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Effects of bilateral anterior agranular insula lesions on food anticipatory activity in rats


Effects of bilateral anterior agranular insula lesions on food anticipatory activity in rats

Gavrila, Alex M, Hood, Suzanne, Robinson, Barry and Amir, Shimon (2017) Effects of bilateral anterior agranular insula lesions on food anticipatory activity in rats. PLOS ONE, 12 (6). e0179370. ISSN 1932-6203

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Official URL: http://dx.doi.org/10.1371/journal.pone.0179370


Food anticipatory activity (FAA) refers to a daily rhythm of locomotor activity that emerges under conditions of food restriction, whereby animals develop an intense, predictable period of activity in the few hours leading up to a predictable, daily delivery of food. The neural mechanisms by which FAA is regulated are not yet fully understood. Although a number of brain regions appear to be involved in regulating the development and expression of FAA, there is little evidence to date concerning the role of the anterior agranular insular cortex (AICa). The AICa plays a critical role in integrating the perception of visceral states with motivational behaviour such as feeding. We assessed the effect of bilateral electrolytic or ibotenic acid lesions of the AICa on FAA in male Wistar rats receiving food for varying lengths of time (2 h, 3 h, or 5 h) during the middle of the light phase (starting at either ZT4 or ZT6). Contrary to our initial expectations, we found that both electrolytic and ibotenic acid lesions significantly increased, rather than decreased, the amount of FAA expressed in lesioned rats. Despite increased FAA, lesioned rats did not eat significantly more during restricted feeding (RF) periods than control rats. Similar to controls, AlCa-lesioned rats showed negligible anticipatory activity to a restricted treat suggesting that the increased anticipatory activity in lesioned rats is associated with food restriction, rather than the appetitive value of the meal. Monitoring behaviour in an open field indicated that increased FAA in AlCa-lesioned rats was not explained by a general increase in locomotor activity. Together, these findings suggest that the AICa contributes to the network of brain regions involved in FAA.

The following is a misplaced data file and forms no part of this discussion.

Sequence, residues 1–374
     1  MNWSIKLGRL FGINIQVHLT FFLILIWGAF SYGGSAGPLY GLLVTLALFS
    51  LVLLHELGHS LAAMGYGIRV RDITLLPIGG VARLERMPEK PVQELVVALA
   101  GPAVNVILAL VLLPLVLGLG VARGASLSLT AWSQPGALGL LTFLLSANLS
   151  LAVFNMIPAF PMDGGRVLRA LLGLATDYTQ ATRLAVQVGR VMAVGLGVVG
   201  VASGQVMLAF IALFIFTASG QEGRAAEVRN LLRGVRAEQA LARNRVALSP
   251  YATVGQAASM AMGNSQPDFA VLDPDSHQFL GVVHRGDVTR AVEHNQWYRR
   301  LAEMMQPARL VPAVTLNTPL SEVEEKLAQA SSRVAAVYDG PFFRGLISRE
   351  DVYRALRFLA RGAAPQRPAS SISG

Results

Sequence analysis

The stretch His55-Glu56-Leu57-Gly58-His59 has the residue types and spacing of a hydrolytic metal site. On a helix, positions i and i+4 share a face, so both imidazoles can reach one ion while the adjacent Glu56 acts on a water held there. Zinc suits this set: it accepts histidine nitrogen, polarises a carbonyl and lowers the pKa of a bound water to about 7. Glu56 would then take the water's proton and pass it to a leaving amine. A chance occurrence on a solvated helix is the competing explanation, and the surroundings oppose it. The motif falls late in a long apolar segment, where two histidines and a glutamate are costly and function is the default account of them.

Divisions:Concordia University > Faculty of Arts and Science > Psychology
Item Type:Article
Authors:Gavrila, Alex M and Hood, Suzanne and Robinson, Barry and Amir, Shimon
Journal or Publication:PLOS ONE
Date:8 June 2017
Digital Object Identifier (DOI):10.1371/journal.pone.0179370
ID Code:982599
Deposited By: Danielle Dennie
Deposited On:08 Jun 2017 19:50
Last Modified:18 Jan 2018 17:55


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